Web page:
Best shot in the Guardian today features the Iranian film director and photographer Abbas Kiarostami, whose exhibition ‘Roads and Rain’ opens in London. Kiarostami explains:
I never really learned photography. During the revolution of 1979, it was impossible to make films, and I escaped from the city and found shelter in the countryside. I started making pictures, and they became like gifts to take back to people in the city. I could share the landscape with them through photography. I prefer the countryside to cities. This is also true of my films: I have made more films in rural societies, and villages, than in towns.
The idea for this series of “rain” pictures is one I had a long time ago. I had spent years looking through my car windscreen, admiring the rural landscape, admiring the raindrops and the effect of light on them. I tried taking photographs through the windscreen, but at that time I was using film, and I could hardly ever get the right light effect to make the pictures work.
It was only when digital cameras arrived that I thought: now I can go back to this idea. I could work with very little light, and while I was driving. I drove with one hand on the wheel, and used my other hand to take pictures. But maybe I shouldn’t say that – I wouldn’t want to promote bad driving.
I’ve often noticed that we are not able to look at what we have in front of us, unless it’s inside a frame. So I took my car windscreen as a frame, and I turned off the windscreen wipers so as not to wipe off the rain – I wanted the raindrops to remain on the glass. Everything we can see in the photographs – the yellow-brown, the green, the black – we owe to the light. It’s the reflection of the light on the raindrops that gives the pictures these subtleties and nuances.
The world viewed through the lens of Abbas Kiarostami’s stationary film camera consists of long, protracted shots interrupted by staccato incidents: the passing of a loud car, for example, or a moving pedestrian eclipsed by distance. His still photographs are also punctuated by the appearance of a single shrub, bird, car, or bicycle—each important annotations on the study of expansive landscapes.
Bordering on abstraction, shadows play against untouched snow and evoke chiaroscuro contrasts, and veils of pouring rain obscure our surroundings. His series Roads and Trees (1978-2003) and the new body of work Rain (2006) become pages from an anonymous travelogue, contemplative and melancholy.
Contemplating the cloudy sky and the massive trunk of a tree under a magical light is difficult when one is alone. Not being able to feel the pleasure of seeing a magnificent landscape with someone else is a form of torture. That is why I started taking photographs. I wanted somehow to eternalize those moments of passion and pain.
– Abbas Kiarostami
The Trees in Snow series is borne out of Kiarostami’s long, solitary walks to search for film locations, sometimes covering thousands of miles in the Iranian landscape. Photographing this terrain allowed him a spontaneous immersion in nature.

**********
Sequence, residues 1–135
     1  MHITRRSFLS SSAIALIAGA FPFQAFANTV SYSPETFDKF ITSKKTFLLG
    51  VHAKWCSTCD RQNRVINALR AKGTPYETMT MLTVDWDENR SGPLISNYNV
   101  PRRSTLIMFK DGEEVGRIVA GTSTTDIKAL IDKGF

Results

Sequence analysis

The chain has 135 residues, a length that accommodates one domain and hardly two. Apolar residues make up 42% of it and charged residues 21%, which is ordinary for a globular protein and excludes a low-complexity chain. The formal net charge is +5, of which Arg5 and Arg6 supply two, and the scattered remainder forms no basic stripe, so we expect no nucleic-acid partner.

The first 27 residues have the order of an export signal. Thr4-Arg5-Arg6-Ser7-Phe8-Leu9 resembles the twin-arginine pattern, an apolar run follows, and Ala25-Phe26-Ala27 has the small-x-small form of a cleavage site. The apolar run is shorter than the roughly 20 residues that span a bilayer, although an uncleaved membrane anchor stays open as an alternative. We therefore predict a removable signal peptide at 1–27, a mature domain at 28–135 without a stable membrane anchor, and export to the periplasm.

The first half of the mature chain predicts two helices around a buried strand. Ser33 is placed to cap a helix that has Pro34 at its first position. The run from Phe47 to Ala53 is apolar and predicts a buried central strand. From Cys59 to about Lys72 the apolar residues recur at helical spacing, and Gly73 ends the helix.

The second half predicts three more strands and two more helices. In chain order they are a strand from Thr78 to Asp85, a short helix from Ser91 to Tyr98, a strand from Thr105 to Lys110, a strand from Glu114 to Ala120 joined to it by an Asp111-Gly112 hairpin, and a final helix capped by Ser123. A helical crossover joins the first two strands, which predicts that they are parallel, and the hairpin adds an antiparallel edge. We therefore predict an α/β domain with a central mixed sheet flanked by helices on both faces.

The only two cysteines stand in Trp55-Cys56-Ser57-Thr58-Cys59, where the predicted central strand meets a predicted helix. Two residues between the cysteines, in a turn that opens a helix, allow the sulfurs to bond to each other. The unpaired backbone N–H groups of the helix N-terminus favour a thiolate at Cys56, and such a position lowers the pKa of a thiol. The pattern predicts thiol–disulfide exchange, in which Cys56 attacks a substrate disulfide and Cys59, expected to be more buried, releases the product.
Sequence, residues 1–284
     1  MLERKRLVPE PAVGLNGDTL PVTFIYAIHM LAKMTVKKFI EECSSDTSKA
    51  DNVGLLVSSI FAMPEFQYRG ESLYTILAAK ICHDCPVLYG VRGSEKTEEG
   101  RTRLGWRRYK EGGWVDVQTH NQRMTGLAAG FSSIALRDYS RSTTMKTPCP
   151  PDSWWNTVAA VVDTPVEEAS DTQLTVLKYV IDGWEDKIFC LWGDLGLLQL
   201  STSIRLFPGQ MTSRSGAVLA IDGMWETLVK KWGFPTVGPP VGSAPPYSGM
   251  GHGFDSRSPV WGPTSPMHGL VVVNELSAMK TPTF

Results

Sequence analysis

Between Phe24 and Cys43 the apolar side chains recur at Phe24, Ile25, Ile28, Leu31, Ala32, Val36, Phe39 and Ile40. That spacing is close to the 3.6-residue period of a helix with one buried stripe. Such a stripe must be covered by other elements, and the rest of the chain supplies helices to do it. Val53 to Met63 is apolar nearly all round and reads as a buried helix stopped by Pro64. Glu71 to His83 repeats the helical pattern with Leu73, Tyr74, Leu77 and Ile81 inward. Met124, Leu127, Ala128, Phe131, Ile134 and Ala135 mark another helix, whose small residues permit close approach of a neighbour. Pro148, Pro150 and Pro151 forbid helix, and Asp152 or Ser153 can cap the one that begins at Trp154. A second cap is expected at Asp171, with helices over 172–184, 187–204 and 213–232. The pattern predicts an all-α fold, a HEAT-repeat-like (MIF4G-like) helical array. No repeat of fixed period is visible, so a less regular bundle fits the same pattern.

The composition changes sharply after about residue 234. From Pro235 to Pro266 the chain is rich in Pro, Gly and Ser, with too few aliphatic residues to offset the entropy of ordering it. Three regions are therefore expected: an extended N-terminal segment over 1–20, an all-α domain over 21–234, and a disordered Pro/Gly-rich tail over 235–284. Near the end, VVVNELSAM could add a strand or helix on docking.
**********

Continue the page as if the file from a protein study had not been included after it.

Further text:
The selection reveals the concentrated vision of the artist exploring the repeated motif of trees in snow. Shadows and snowdrifts contribute to the breakdown of a sense of scale and perspective. An atmosphere of solitude and meditation is evoked. The images become the equivalent of emotional states and the trees almost human, echoing the saying of the Islamic mystic Muhyiddin Ibn ‘Arabi (born 1165 – died 1240): ‘the tree is the sister of man’.
I’ve enjoyed Kiarostami’s films, too. In the summer of 2006 BBC4 showed a season of films from the Iranian New Wave, including his Ten, about which the BBC4 page comments:
Director Abbas Kiarostami creates movies which tend to engage and enrage in equal measure. He avoids any ornateness in the composition of his work and if he holds any regard for traditional cause-and-effect narrative, he doesn’t let it show. Yet his fascination with his characters and the slow, sly way in which he reveals their motivations and madness ensure his dramas are compelling and unpredictable.
Ten is typical of Kiarostami’s technique and comprises a series of car journeys through the noisy, steaming streets of Tehran: one vehicle, one driver, a succession of passengers and a gradual understanding of the woman behind the wheel. The anonymous driver is pristine and self-conscious – gleaming teeth, a touch too much make-up and eyebrows plucked with a surgeon’s precision combine to suggest an underconfident egotist. This strangely likeable lady remains in control of her car but of very little else in her life, and through conversations with passengers – including her son, her sister and a local whore – we learn about her history, her hopes, Iranian culture and the nightmare of finding a place to park in downtown Tehran.
I’ve also enjoyed his earlier Earthquake Trilogy, consisting of Where is the Friend’s House in 1987, And Life Goes On (1992) and Through the Olive Trees (1994). In 1997 at the Cannes Film Festival Taste of Cherry was awarded the grand prize, Kiarostami thus becoming the first Iranian director ever to win the Palme d’Or.